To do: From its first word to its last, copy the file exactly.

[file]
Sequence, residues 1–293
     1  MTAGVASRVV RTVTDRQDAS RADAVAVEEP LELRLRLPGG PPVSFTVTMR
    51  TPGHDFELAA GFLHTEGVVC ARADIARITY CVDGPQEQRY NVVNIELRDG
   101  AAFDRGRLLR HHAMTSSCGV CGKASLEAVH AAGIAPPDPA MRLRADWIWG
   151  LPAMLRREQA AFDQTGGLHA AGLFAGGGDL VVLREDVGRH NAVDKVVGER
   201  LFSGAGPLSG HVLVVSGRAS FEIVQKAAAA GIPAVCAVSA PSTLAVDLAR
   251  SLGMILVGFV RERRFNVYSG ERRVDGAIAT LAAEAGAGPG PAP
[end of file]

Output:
Sequence, residues 1–293
     1  MTAGVASRVV RTVTDRQDAS RADAVAVEEP LELRLRLPGG PPVSFTVTMR
    51  TPGHDFELAA GFLHTEGVVC ARADIARITY CVDGPQEQRY NVVNIELRDG
   101  AAFDRGRLLR HHAMTSSCGV CGKASLEAVH AAGIAPPDPA MRLRADWIWG
   151  LPAMLRREQA AFDQTGGLHA AGLFAGGGDL VVLREDVGRH NAVDKVVGER
   201  LFSGAGPLSG HVLVVSGRAS FEIVQKAAAA GIPAVCAVSA PSTLAVDLAR
   251  SLGMILVGFV RERRFNVYSG ERRVDGAIAT LAAEAGAGPG PAP